Then Cuccinelli made it into the news again when he decided to sue the federal government over health care reform, citing states rights and arguing the propostition that a single state can nullify acts of the U.S. Congress. So, essentially, he's asking the Supreme Court to overturn the results of the Civil War. That's a precedent even the Roberts court is likely to respect.

He took a little ribbing over this, but it could have been worse. Cuccinelli has been caught on tape agreeing with a "birthers" premise that President Obama might have been born in Kenya:

So, we're lucky Cuccinelli isn't challenging health care reform on the basis that it can't be valid because it was signed into law by Obama who can't legitimately be president.

None of this is a suprise to anyone who's been following state politics for a few years. It's just what we expected. We knew that Cuccinelli came from the far, far right of the Virginia Republican Party. You can't get any farther to the right. He makes Bob McDonnell, a staunch conservative himself, look like a bleeding heart liberal. In short, he's a wing nut. This isn't news to anyone who is paying attention.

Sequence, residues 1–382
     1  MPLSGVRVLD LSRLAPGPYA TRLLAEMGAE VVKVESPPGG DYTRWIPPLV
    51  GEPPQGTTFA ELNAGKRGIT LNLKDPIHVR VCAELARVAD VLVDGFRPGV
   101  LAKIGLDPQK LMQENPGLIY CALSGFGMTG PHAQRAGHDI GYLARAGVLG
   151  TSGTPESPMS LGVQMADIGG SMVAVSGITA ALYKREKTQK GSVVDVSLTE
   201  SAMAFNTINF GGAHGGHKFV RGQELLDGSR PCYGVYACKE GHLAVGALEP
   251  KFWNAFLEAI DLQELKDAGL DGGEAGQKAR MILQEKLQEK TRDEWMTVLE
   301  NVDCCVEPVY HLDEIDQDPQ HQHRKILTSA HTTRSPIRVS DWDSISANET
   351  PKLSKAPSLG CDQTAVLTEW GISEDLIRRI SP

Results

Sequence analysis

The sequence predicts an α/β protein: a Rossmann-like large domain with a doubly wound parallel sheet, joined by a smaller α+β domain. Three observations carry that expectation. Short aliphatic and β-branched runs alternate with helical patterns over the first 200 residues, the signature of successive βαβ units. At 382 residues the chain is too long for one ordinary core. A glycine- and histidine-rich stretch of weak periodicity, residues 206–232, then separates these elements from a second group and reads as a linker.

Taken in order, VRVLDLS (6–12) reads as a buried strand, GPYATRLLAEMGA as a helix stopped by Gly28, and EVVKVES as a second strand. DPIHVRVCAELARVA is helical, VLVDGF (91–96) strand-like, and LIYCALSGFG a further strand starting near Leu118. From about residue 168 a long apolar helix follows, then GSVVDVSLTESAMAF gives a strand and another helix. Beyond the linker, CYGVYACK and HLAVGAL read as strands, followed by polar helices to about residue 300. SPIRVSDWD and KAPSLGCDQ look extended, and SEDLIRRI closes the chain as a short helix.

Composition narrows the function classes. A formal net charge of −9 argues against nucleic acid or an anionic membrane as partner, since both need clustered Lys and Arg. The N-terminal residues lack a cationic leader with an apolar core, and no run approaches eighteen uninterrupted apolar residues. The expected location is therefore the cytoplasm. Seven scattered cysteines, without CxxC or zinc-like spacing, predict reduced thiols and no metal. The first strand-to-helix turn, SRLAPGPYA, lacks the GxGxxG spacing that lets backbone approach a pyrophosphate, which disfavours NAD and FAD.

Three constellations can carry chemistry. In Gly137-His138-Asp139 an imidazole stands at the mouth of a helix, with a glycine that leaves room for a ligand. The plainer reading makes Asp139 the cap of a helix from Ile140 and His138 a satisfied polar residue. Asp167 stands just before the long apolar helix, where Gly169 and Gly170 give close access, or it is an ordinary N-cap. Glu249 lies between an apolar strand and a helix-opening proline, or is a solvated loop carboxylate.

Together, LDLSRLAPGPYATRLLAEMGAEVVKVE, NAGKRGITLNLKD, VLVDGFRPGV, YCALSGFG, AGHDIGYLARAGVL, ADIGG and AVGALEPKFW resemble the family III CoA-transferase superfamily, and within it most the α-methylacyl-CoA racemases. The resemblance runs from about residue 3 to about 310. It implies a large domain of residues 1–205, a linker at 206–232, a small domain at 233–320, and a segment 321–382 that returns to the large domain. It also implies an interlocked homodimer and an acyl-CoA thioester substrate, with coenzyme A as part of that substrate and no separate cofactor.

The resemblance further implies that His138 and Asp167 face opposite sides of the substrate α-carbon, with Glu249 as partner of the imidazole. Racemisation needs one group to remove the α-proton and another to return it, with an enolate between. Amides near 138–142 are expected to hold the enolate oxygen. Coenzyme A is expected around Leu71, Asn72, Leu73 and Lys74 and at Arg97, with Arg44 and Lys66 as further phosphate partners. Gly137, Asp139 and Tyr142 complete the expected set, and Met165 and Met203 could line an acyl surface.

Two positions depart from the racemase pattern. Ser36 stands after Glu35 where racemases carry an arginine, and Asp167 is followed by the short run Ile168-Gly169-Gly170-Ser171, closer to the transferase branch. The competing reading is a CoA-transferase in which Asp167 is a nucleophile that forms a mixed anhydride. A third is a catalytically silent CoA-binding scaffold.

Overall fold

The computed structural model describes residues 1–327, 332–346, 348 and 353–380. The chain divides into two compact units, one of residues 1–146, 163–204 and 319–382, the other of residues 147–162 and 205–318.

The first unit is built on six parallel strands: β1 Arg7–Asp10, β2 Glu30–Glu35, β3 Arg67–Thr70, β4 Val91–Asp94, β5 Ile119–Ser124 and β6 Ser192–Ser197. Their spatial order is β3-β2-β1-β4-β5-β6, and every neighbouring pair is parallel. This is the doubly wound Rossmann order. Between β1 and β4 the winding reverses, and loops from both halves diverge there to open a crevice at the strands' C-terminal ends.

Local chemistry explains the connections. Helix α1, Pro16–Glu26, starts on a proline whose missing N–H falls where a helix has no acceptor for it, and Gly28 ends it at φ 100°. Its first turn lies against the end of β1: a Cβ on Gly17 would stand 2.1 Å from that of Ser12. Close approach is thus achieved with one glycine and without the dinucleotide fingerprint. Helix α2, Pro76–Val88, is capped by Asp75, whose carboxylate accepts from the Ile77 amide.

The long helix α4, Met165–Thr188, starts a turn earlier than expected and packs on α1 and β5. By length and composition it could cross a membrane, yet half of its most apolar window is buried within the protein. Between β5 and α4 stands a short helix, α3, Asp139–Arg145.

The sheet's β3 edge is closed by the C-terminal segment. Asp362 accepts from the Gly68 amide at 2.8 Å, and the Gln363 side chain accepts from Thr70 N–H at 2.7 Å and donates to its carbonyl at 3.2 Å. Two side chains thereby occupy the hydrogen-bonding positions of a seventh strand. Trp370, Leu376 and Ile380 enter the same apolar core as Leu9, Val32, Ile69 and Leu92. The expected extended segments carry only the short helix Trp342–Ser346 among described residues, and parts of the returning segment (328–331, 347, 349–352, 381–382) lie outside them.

In a post Monday, Vivian J. Paige, dismissing the seal story as minor, says that the state's mainstream media should have done a better job in alerting voters to Cuccinelli's views before the election.

While I sympathize with Vivian's views, I have some reservations. I've covered a number of attorney general campaigns and served as a press secretary for an unsuccesful attorney general candidate, so I've got some insight into how the campaign the press corps relate.

First, nothing the media wrote or broadcast about Ken Cuccinelli would have made much difference in 2009. If he'd started  babbling about black helicopters and the CIA reading his mind or Obama's "real birth certificate" in public, it wouldnt' have mattered. Not in the face of the Republican tidal wave that swept across the state. Cuccinelli had an "R"  behind his name on the ballot, so he was destined to win. He probably could have had a  "W" for wing nut and won too, as long as he didn't have a "D" for Democrat.